Law Enforcement News

Vol. XXX, No. 615 A publication of John Jay College of Criminal Justice/CUNY March 2004

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In this issue:

Around The Nation: A coast-to-coast roundup of police news.
“Black boxes” are changing accident probes.
Gains and losses: 2003 crime stats roll in.
No fueling: Dallas police to get natural-gas cars.
People & Places: The Big D in D-Day; Eugene gets its man; Dayton’s loss; Knapp time; sheriff’s new POST; back in action.
Another fine meth: What to do with seized drug-lab chemicals.
Fresh start: Getting your community relations house in order.
Missouri’s finest? Rogue, uncertified officers raise eyebrows.
In the courts: A roundup of reccent rulings.
Forum: Making little things mean a lot.
Mixed bag: Tulsa PD gets its first race-bias review.
Short Takes: Easy-to-digest news capsules.
Lights, camera, interrogation: Videotaping’s appeal grows.
Fringe benefit: Why Omaha likes its Compstat.
Upcoming Events: Professional development opportunities.
Time capsules: 25 years ago in LEN.

 
The federal well is running dry
Spending bill, Bush budget deliver bad news for aid to locals

     The federal government is not planning to be as generous to policing this year as it has been in the past, under the provisions of the massive 2004 omnibus spending bill given final approval by Congress on Jan. 22, which included deep cuts in such Justice Department programs as the Office of Community Oriented Policing Services and the Local Law Enforcement Block Grant program.

     Less than two weeks later, the news got even worse, as President Bush unveiled his budget proposal for fiscal year 2005, in which some of the cuts went even deeper — in some cases, to the point of eliminating longstanding programs....


Truth in advertising? Apparently not.

     The fight waged last year in dozens of jurisdictions over whether to allow commercial advertising on patrol cars — even if it meant that those vehicles could be purchased for just $1 — seems now to be moot, since few if any of the departments received their cruisers.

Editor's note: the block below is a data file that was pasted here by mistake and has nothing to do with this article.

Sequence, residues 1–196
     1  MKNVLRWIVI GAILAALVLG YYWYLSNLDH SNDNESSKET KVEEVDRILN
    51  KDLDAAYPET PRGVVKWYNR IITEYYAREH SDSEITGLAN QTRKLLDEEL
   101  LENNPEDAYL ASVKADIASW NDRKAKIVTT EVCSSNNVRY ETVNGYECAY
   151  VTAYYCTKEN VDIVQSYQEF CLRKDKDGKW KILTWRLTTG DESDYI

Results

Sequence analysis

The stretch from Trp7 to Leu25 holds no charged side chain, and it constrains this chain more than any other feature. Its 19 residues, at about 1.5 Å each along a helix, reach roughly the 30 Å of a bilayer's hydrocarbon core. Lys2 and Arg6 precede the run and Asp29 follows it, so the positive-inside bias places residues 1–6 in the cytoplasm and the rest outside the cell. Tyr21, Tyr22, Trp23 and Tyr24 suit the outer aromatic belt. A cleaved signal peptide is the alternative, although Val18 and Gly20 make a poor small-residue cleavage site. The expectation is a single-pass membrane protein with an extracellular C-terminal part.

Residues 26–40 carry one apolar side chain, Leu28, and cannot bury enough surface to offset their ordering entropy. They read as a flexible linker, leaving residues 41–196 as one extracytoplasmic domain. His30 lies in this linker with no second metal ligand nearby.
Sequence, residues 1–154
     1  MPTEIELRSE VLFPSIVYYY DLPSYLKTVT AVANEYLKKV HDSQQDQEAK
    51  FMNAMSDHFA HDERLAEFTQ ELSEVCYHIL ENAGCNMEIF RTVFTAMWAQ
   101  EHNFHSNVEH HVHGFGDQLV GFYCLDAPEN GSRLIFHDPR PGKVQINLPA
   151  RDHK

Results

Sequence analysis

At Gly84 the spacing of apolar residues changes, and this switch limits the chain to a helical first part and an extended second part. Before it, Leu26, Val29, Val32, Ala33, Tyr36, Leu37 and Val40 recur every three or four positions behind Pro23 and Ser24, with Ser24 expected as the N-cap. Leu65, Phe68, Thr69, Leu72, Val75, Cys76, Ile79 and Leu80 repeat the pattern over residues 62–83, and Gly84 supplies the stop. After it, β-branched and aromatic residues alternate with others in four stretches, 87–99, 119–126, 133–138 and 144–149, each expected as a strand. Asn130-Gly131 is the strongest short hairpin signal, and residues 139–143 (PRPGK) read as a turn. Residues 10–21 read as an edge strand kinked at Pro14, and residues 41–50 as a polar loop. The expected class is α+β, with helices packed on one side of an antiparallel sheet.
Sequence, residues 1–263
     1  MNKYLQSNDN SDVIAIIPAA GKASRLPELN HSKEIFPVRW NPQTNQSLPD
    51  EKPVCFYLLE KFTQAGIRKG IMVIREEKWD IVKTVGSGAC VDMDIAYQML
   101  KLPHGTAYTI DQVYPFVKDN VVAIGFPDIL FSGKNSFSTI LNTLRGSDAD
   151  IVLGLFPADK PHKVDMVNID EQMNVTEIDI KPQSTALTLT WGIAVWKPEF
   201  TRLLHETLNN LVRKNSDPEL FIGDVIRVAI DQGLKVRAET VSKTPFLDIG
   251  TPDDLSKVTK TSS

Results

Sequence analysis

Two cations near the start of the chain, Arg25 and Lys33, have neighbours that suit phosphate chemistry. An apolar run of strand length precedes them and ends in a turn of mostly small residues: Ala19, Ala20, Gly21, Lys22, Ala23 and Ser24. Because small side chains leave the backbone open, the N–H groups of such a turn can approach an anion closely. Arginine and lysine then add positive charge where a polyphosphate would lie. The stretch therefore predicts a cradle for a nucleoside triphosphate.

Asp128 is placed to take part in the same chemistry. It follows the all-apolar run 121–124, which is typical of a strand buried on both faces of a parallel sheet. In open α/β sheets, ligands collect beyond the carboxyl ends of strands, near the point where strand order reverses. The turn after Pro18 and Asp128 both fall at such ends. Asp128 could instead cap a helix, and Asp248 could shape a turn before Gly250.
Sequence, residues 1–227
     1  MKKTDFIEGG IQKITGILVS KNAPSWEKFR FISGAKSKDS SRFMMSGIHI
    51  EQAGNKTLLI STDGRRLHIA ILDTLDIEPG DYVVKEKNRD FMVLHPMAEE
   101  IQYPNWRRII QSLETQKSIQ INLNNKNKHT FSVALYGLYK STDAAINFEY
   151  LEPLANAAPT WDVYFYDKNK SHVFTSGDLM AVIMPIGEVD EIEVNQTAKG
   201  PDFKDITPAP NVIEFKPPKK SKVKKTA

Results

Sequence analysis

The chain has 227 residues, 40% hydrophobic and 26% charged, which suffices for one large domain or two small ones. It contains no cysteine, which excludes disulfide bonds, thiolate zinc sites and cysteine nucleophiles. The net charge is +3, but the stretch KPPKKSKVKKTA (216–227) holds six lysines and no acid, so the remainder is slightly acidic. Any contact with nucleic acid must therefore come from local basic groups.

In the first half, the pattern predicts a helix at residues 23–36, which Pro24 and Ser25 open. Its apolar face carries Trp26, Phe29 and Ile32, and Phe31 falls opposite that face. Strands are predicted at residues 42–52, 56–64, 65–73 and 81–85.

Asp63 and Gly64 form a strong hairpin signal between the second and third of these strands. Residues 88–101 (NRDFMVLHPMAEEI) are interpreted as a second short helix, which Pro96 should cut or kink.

Many municipalities and criminal justice experts decried the idea of allowing police vehicles to be festooned with advertising, claiming that it would lead to diminished public respect for law enforcement. But it seemed like a boon to strapped agencies who could not lay out as much as $35,000 or more for new cars. ...


State patrol wants its CALEA approval back, but some ask ‘why?’

     The Nebraska State Patrol will seek to regain its national accreditation, which it forfeited in November in a dispute with the Commission on Accreditation for Law Enforcement Agencies (CALEA). However, some in academia and in law enforcement have questioned whether the expenditure of time and money that accreditation entails is still worth it for larger agencies, which may have already surpassed the standards set by the commission.

     According to Lt. David Dishong of the state patrol, CALEA disapproved of the scientific model used by the agency to determine its allocation of staff. The patrol had been using reports from its area troop commanders, but then switched to a staffing computer program from Northwestern University after a team of assessors said the previous method was not scientific enough....


Recruit screening hurt by budget shrinkage

     Without a psychologist at the South Carolina Criminal Justice Academy to screen new police recruits, many of the state’s smaller departments are going to have to come up with a way of screening applicants themselves, police chiefs say.

     The psychologist was one of several positions cut by the academy due to budgetary constraints, according to Sid Gaulden, a spokesman for the South Carolina Department of Public Safety. The academy, he told Law Enforcement News, is funded entirely through a portion of the fees and fines collected around the state. In the past three years, such funding has dwindled....


What’s under your hood?